What did the 2020 elections teach us?

The elections proved what many of us have known and have been screaming about for years: that the survival of our nation is dependent on the intellect, power, magic and leadership of people of color and especially Black women. We’ve seen Georgia leaders like Wanda Mosley, LaTosha Brown, Stacey Abrams, Tamieka Atkins, come to the forefront of media attention fairly recently. Black women have always led movements from the back, but now the overdue acknowledgment, credit and visibility has caught up.

How are recent transplants like yourself changing Atlanta?

Their presence and investments could be destroying the very spirit that attracted them to the city in the first place. I’ve been meeting a lot of people moving here from N.Y.C. or the West Coast excited about buying property and starting businesses here in Atlanta. I understand the excitement. However, during my time in Brooklyn I’ve seen the devastation caused by outsider investment and corporate expansion, how it displaces family and sucks the soul out of entire communities. I’d just say be mindful of your presence, learn about the city’s people and history, and respect those who are already doing great work here.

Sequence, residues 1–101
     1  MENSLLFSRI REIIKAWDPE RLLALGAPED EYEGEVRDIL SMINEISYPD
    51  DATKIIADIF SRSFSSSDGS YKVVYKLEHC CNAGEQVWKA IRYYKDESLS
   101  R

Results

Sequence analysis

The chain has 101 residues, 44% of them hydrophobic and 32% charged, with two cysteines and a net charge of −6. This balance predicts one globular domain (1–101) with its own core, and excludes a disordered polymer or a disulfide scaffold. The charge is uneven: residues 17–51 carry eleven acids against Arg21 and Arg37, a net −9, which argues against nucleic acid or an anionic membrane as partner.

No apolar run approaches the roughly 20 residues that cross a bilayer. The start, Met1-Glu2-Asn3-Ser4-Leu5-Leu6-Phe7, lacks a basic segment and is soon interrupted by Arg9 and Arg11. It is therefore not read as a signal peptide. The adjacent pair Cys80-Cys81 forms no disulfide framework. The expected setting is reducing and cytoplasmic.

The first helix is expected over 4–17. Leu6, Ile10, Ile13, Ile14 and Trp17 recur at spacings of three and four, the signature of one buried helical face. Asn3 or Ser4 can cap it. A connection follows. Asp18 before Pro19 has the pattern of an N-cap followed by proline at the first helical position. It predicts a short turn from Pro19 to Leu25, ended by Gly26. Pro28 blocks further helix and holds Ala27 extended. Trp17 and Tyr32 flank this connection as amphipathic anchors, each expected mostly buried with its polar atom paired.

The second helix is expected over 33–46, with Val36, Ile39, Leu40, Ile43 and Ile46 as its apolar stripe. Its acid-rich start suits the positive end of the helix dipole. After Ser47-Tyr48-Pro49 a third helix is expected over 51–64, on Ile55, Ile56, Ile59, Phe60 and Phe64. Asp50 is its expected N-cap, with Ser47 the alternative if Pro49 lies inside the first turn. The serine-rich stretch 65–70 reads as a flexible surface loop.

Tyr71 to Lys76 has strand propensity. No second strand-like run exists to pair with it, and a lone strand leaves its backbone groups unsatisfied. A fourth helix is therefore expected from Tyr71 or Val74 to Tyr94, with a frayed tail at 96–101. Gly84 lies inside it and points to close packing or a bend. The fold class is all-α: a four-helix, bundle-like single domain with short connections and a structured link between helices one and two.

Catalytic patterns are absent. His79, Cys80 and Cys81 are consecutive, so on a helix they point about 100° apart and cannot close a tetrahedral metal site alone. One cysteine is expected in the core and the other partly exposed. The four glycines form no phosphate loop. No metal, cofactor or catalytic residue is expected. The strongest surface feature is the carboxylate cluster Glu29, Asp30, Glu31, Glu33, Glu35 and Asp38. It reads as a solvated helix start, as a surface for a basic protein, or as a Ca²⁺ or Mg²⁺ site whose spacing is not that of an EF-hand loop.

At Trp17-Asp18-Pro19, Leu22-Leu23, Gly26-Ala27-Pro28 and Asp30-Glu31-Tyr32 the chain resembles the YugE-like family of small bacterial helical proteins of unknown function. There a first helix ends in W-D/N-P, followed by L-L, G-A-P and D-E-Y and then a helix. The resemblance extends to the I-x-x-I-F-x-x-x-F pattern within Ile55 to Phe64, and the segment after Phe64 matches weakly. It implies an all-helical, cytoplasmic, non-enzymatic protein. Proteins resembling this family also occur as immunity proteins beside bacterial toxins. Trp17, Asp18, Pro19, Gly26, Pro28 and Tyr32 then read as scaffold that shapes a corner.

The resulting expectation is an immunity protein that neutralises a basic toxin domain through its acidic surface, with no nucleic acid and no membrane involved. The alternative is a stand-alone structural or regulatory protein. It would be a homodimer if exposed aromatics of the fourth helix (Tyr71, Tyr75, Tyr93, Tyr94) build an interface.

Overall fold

Age: 35

Occupation: actor (in the Lifetime Christmas movie “My Sweet Holiday”)

Hometown: Chicago

Now lives: A single-family house in Trilith, a mixed-used development with homes, shops, parks and a film studio

Why did you move to Atlanta?

I was living in Nashville and consistently driving to Atlanta for auditions. Having done one too many country music videos, I decided it was time for a change, and I knew I needed to start establishing myself in Atlanta. That was 2012, before there was a huge influx of actors moving from L.A. and New York.

How does Atlanta compare to other cities?

I grew up outside of Chicago and have lived in Los Angeles and Nashville. But I have to say, Atlanta is definitely my home. I think it’s the perfect size when it comes to cities: it’s big without being overwhelming, yet there are pockets that make it feel small, each with incredibly diverse backdrops and experiences.

What is it like to work as an actor here?